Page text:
Medical Department Seminar
"New Synthetic Routes to Protein-Based Imaging Agents"
Presented by Matthew B. Francis, PhD, Associate Professor, University of California at Berkeley, Chemistry Department.
Tuesday, March 4, 2008, 1:30 pm — Large Conference Room, Bldg. 490
A modular synthetic platform has been developed to access targetable delivery vectors for a variety of imaging techniques. Genome-free viral capsids have served as the basic scaffold for these studies, as they provide monodisperse spherical structures that can be tailored to display multiple copies of a desired functional group. The interior surface of each capsid has been modified to house up to 100 gadolinium complexes, yielding MRI contrast enhancement agents with very high relaxivities. Chemical techniques have also been developed for the introduction of F-18 nuclei for PET and cryptophane ligands for the binding of hyperpolarized xenon. Exterior surface modifications have targeted an artificial amino acid that exhibits unique chemical reactivity, allowing the facile attachment of tissue targeting peptides and biocompatible polymers. The cornerstone of these efforts has been the development of reliable synthetic reactions that can modify biomolecules with high site selectivity and yield. This presentation will emphasize the potential of these techniques for the construction of new imaging agents from virtually any protein of interest.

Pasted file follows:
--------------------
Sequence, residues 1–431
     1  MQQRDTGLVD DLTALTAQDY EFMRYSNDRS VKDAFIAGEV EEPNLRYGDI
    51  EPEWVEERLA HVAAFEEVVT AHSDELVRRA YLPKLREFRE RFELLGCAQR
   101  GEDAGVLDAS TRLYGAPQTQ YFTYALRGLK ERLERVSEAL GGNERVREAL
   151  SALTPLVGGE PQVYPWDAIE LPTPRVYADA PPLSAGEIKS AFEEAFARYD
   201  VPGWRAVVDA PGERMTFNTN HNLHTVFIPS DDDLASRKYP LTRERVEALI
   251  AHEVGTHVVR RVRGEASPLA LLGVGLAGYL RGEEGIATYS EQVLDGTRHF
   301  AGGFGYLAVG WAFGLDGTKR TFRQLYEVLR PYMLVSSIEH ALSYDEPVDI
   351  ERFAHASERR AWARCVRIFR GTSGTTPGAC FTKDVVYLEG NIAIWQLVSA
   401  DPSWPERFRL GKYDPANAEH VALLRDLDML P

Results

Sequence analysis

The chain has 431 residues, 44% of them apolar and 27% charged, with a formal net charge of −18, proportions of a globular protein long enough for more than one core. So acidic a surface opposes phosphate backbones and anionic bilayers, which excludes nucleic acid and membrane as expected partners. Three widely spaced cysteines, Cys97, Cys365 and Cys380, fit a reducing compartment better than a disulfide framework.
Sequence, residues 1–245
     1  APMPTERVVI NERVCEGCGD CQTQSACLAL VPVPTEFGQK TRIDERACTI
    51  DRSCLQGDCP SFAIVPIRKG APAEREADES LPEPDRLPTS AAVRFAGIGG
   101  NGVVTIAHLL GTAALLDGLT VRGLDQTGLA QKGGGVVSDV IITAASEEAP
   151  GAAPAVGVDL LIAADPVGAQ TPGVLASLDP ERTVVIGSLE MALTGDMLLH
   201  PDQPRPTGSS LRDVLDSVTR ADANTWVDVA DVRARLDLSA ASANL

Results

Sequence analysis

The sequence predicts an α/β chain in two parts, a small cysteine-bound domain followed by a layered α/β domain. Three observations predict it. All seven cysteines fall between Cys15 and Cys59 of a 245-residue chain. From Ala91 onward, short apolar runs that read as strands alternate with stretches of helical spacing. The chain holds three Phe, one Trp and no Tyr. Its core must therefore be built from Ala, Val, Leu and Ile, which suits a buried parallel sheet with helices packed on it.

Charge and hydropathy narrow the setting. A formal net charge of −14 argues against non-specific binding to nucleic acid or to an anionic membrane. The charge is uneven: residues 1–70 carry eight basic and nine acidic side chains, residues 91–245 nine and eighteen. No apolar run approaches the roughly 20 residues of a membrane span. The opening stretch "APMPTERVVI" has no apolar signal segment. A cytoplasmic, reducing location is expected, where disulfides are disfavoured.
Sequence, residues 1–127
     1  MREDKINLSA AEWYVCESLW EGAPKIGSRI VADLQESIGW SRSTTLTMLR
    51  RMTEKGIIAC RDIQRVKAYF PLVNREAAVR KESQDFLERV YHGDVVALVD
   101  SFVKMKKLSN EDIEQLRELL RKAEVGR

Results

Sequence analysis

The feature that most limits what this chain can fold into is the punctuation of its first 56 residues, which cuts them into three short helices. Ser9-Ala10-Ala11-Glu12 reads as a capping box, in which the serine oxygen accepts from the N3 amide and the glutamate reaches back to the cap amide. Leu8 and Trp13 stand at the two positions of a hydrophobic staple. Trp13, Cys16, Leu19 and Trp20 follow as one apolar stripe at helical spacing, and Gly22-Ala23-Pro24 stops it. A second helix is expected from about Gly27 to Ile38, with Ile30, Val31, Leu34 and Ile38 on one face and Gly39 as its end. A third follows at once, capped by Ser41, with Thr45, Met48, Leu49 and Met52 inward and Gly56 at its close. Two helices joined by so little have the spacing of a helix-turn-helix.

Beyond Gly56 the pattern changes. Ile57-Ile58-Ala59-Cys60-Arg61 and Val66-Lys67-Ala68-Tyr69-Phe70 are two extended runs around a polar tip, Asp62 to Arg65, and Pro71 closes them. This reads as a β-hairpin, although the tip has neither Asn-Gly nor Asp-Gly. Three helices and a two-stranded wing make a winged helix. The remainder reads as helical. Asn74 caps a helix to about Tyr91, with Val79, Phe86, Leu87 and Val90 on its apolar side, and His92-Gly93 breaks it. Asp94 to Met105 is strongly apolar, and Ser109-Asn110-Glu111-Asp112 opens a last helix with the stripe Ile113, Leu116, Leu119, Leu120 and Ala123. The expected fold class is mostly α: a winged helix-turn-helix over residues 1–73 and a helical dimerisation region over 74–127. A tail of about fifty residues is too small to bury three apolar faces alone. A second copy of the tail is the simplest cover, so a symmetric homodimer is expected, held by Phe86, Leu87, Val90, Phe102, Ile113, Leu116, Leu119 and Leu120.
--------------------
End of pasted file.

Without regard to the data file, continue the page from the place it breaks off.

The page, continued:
Hosted by: Jacob Hooker, PhD
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